It was First Friday, and a young woman next to me in a pinkish tweed coat was puffing away on a cigarette outside J.P. Wine Bar and Coffee House. Her frosty breath mingled with the cigarette smoke puffed out by a small group of people huddled together. The woman, who insisted on going by the alias Coco Chanel, had a strong opinion about Kansas City's potential smoking ban.
"I'm all for it," she said. "I need to quit smoking. So if there's no smoking in bars, that'll help immensely. I don't like to smell like shit when I go home."
The real Coco Chanel, a smoker herself, probably rolled over in her grave at such blasphemy.
Just then, her friend, a tall brunette in a black-and-white herringbone coat, burst through J.P.'s front door and loudly exclaimed, "I can't handle the bitches in Kansas City. Bitches, you have no right to act like that ... you're in Kansas City."
Sadly, she declined to elaborate on the bitchcentric incident inside. She lit up instead. After taking a few drags from her cigarette, the lively brunette, who also refused to give her name, revealed her pro-ban stance. "I like New York and Boston," she continued. It's easy enough in cities with smoking bans, she explained, to simply go outside for a cigarette. "I can smoke my fucking brains out. Then, I wake up and it's like, Oh, my hair is so lovely."
Even when it's cold, the brunette said, it's not so bad as long as you're drinking. "I don't feel it anymore," she said. "I've got enough Grey Goose in me to increase my body temperature 20 degrees."
That vodka-fueled bravery is integral at J.P., a wine bar at 15th Street and Walnut that has been cigarette-free since it opened eight months ago. It's one of the few bars in town to self-impose its own ban on butts.
As I drank my second Spanish coffee, it occurred to me how blissful it was to be at a bar and not worry about any errant cigarette smoke sneaking into my coat, my purse, my clothes and, by extension, into my car and my pillowcase. As a confirmed lush who happily draws a living from exploring KC bars through my gig as the Pitch's Night Ranger, there's the matter of the occasional sore throat and stinging eyes, too.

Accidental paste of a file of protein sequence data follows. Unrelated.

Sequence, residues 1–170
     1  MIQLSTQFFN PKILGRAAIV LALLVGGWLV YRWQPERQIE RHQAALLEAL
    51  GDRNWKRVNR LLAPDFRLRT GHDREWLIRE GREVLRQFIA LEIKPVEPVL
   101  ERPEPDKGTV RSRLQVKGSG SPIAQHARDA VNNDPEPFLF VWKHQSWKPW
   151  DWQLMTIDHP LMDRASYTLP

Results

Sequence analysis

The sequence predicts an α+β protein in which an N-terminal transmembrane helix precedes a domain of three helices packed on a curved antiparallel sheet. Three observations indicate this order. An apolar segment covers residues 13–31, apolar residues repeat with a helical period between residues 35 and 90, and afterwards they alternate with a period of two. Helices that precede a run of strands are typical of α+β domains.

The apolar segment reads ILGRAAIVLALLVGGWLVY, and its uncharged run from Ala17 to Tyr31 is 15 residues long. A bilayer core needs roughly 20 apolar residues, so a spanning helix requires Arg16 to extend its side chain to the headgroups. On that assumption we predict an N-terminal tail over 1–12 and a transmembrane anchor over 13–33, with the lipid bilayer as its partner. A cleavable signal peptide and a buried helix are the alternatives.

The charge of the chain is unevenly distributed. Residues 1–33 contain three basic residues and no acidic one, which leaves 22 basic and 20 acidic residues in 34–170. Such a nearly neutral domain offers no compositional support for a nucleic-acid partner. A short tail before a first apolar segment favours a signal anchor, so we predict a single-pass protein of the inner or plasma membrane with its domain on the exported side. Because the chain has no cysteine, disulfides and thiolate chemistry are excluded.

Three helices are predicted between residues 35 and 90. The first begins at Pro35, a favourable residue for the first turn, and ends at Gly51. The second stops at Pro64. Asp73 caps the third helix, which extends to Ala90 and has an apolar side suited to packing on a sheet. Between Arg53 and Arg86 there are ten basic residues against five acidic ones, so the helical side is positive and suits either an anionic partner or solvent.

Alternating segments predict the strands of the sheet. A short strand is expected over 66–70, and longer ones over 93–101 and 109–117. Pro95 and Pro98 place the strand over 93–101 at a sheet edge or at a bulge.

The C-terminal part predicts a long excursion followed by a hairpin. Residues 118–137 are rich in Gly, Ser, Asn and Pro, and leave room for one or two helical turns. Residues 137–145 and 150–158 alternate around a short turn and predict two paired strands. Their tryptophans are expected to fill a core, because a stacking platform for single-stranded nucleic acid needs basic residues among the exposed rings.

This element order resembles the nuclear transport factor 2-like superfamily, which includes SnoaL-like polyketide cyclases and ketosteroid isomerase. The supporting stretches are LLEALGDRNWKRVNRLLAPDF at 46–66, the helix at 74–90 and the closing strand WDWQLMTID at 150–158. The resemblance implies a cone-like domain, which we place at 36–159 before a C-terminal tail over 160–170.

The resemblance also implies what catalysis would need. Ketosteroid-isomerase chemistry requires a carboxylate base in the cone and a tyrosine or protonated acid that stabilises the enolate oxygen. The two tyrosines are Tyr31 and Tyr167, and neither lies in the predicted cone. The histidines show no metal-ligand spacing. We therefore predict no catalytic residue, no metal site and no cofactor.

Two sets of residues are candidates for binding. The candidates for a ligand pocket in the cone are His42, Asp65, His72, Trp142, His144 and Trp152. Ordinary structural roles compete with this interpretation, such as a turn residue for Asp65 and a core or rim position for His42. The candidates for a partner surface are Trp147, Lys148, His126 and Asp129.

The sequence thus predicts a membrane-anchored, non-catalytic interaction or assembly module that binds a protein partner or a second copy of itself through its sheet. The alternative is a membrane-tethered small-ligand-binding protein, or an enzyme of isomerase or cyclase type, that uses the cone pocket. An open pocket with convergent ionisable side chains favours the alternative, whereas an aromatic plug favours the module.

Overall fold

In case you haven't caught the bias, I'm a nonsmoker. My past experiments with smoking usually took place while I was fairly lit. Thanks to an inability to draw the rich tobacco goodness into my lungs as well as the mocking laughter from friends who derided my technique I stopped a few years ago. Now, when I'm out, cigarette smoke always seems to drift into my face, as if the smoke knows that there's a nice set of pink lungs needing to be corrupted. It's insidious like that.
So, as I pondered the fantasticness of not smelling like a week-old ashtray when waking up from a night out, I came to the realization that the smoky bar may soon be obsolete almost everywhere except, perhaps, at rural old-guy bars. Kansas City, Missouri, is considering its own ban in bars and restaurants, like the ones in neighboring cities, including Independence and Lawrence.